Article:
Secretary DeVos’s Proposal to Eliminate Data Points from the Civil Rights Data Collection is Deeply Troubling
November 25, 2019 03:14 pm
U.S. Secretary of Education Betsy DeVos has proposed eliminating nearly thirty data points from the Civil Rights Data Collection (CRDC), including data pertaining to teacher experience, school finance, and advanced coursework. Secretary DeVos’s proposal is deeply concerning and inconsistent with the Education Department’s (ED) mission of “fostering educational excellence and ensuring equal access.”
While eliminating these data points may reduce the burden on school districts, the loss of this information far outweighs any modest benefit districts may experience. Should these data points disappear, so, too, does the transparency families and communities want and need to be better informed as to the quality of schools they desire and support.
Evidence demonstrates the importance of teacher experience, yet ED has proposed to eliminate the collection of data on the number of first- and second-year teachers in schools. Data from the CRDC demonstrate that the percentage of teachers in their first year of teaching is twice as high in school districts with the highest concentrations of Black and Latino students in comparison to school districts with the lowest percentages of Black or Latino students. According to an analysis by the Alliance for Excellent Education, 13.9 percent of public-school classroom teachers were in their first year of teaching in school districts with an average concentration of Black or Latino students above 75 percent during the 2015–16 school year. However, only 6.0 percent of teachers were in their first year of teaching in school districts with an average concentration of Black or Latino students at or below 25 percent. Eliminating this data point will not assist in eradicating this disparity. It could, however, make closing this disparity less of a priority by removing the data from the public eye.
Research shows that school funding influences student achievement, yet ED has proposed to eliminate all data collection related to school finance. Even if one disputes the growing evidence that education spending is associated with better student outcomes, it is still prudent to collect information on how billions of taxpayer dollars are spent and to ensure they are distributed equitably.
A 2014 CRDC analysis found that education spending on our most vital educational resource—our teachers—is inequitable. For nearly one-quarter of school districts, a salary gap of at least $5,000 exists between educators working in high schools serving the highest and lowest percentages of Black and Latino students. ED’s proposal to eliminate the collection of school finance data would undercut efforts to ensure that taxpayer dollars are equitably distributed to support all students, particularly those who have been historically underserved.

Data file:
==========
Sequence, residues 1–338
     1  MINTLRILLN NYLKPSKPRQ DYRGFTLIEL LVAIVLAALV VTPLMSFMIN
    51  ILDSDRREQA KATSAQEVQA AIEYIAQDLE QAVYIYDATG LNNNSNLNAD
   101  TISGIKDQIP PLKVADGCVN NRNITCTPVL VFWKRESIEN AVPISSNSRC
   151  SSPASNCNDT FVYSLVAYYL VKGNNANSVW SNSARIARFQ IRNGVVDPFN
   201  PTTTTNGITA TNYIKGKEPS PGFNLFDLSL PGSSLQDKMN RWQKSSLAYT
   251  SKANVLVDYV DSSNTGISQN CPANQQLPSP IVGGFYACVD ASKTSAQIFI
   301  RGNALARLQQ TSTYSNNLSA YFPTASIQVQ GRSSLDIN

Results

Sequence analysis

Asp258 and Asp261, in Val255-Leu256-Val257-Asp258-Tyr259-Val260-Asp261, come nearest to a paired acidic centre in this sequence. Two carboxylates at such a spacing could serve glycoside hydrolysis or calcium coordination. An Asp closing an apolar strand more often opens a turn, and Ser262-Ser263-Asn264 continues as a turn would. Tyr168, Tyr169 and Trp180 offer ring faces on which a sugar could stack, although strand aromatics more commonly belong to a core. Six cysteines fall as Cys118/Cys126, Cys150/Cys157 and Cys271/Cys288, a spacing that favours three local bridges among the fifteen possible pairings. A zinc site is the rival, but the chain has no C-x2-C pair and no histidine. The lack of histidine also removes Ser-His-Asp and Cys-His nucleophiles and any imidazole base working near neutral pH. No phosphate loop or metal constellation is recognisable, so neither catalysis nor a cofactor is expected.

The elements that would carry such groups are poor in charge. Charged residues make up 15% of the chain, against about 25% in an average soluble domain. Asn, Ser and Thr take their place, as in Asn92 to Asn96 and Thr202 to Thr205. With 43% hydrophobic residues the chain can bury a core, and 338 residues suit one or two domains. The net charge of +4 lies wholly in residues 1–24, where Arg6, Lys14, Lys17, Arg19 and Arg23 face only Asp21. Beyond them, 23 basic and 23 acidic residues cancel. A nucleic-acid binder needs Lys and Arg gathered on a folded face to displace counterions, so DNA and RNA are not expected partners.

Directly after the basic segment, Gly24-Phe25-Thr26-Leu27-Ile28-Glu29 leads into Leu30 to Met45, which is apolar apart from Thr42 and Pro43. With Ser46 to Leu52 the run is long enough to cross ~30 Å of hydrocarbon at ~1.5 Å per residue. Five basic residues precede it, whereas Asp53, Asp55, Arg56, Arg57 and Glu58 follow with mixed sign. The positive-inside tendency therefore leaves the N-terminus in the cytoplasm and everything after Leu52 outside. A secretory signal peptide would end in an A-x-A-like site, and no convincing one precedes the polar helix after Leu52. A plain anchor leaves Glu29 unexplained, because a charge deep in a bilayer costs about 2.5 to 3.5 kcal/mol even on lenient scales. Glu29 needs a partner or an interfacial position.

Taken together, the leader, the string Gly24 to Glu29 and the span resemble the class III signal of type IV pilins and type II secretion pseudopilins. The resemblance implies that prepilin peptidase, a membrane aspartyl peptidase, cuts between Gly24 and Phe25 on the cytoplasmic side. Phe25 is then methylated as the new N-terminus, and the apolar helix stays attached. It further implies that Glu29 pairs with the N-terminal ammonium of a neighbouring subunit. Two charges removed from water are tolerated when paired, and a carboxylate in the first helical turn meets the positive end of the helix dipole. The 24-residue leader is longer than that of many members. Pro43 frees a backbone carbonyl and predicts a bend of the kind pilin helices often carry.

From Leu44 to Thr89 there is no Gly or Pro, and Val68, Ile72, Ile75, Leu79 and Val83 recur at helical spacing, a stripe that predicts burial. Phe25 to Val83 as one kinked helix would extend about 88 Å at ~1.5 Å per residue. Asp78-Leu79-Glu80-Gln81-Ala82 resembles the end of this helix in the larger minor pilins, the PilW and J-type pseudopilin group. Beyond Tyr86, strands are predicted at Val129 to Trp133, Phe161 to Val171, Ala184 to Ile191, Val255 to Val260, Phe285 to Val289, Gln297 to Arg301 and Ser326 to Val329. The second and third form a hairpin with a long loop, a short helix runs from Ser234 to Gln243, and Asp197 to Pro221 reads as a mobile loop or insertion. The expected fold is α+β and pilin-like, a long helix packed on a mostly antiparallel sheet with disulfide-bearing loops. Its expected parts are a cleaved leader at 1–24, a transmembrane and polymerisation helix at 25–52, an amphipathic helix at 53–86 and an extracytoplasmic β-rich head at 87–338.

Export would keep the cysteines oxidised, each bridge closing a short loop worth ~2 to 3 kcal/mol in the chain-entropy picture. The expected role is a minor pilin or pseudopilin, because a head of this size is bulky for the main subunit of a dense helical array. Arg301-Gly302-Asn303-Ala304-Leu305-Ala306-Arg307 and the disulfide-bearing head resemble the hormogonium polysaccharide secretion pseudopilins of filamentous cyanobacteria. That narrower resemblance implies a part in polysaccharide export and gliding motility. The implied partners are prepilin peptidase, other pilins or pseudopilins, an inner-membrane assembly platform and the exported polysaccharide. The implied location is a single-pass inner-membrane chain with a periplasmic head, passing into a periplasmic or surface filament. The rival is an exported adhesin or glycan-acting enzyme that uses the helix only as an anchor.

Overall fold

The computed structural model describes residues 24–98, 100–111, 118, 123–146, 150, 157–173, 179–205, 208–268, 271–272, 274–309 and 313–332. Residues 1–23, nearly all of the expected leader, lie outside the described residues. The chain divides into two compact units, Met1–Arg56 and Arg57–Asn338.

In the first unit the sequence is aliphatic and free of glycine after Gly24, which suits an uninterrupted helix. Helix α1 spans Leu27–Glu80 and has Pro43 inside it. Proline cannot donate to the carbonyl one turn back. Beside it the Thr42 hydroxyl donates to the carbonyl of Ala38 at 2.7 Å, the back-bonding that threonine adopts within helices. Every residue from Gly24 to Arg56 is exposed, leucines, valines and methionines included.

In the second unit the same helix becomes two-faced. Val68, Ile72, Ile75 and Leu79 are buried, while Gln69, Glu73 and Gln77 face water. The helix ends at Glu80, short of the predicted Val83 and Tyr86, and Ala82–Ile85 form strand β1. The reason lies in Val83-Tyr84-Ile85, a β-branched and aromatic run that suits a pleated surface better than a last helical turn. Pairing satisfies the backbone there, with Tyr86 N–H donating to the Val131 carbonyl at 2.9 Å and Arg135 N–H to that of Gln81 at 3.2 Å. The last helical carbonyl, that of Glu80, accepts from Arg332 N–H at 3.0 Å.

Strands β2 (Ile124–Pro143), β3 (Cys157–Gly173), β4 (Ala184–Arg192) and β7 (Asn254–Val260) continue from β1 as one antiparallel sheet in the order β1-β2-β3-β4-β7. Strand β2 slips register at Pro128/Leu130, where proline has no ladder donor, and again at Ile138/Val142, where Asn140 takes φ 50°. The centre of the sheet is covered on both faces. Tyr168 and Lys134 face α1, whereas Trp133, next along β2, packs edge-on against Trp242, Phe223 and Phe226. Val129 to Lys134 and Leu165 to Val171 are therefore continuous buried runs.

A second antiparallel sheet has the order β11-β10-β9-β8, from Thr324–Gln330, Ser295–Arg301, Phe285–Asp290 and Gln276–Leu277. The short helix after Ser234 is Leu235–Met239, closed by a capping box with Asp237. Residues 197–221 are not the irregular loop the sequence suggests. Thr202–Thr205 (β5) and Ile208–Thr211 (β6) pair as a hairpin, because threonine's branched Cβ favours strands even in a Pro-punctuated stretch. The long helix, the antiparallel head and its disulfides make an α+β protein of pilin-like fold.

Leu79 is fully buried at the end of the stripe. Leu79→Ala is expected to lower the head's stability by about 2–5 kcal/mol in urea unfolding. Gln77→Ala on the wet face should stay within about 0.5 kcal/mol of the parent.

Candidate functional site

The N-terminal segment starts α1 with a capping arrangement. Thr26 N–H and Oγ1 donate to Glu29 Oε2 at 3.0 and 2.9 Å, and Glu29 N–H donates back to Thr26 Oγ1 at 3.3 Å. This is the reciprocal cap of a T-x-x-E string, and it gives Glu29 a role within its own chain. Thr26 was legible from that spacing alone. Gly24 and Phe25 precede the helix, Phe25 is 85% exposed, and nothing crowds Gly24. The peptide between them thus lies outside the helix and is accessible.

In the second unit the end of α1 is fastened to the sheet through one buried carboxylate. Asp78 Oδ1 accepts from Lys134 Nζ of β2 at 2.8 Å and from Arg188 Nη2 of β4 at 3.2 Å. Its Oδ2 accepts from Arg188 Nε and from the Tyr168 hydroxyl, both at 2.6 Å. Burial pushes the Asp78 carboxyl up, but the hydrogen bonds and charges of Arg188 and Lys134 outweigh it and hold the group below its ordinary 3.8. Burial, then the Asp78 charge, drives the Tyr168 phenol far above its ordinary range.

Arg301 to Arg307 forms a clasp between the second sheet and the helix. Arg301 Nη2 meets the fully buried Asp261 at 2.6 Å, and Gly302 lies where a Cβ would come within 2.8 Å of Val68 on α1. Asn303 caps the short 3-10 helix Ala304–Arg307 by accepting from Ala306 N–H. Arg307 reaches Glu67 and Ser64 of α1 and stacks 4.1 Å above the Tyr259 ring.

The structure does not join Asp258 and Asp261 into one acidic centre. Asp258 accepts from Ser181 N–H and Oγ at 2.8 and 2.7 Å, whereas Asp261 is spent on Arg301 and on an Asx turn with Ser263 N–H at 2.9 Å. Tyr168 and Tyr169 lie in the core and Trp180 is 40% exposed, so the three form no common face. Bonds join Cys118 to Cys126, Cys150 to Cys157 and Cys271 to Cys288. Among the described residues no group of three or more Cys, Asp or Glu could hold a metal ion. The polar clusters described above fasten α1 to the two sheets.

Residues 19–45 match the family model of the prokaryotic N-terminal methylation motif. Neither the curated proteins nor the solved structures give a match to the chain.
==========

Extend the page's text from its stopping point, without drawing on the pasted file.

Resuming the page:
Further, even though the completion of accelerated coursework improves students’ preparation for college, gives high school students the opportunity to earn college credit, and reduces student debt, ED has proposed to reduce data collection regarding Advanced Placement enrollment and test-taking. According to an analysis conducted by the Government Accountability Office using data from the CRDC, “among schools that offer [Advanced Placement], roughly 70 percent of low-poverty schools offered more than 10 different AP courses, compared to about 30 percent of high-poverty schools.”
At a time when the nation’s economy demands higher levels of education than ever before, more must be done to ensure equitable access to accelerated coursework. ED’s proposal will limit the ability to identify and address disparities in access to advanced coursework for students most in need of opportunities and support.
ED’s proposed reductions to the CRDC would have a ripple effect beyond the CRDC itself. The Every Student Succeeds Act (ESSA) linked reporting requirements on State and district report cards to CRDC in several areas, including advanced coursework. By reducing data elements within the CRDC, ED is, in effect, reducing the information that will be made available on State and district report cards, despite congressional intent for these report cards to highlight data collected through the CRDC.
We measure what matters. This proposal from ED sends an unfortunate message regarding the interest and intention of the federal government to maintain its historic role of ensuring all students have access to a high-quality education. I urge Secretary DeVos to reconsider this proposal and restore these data elements, as well as each data element listed in this document from All4Ed.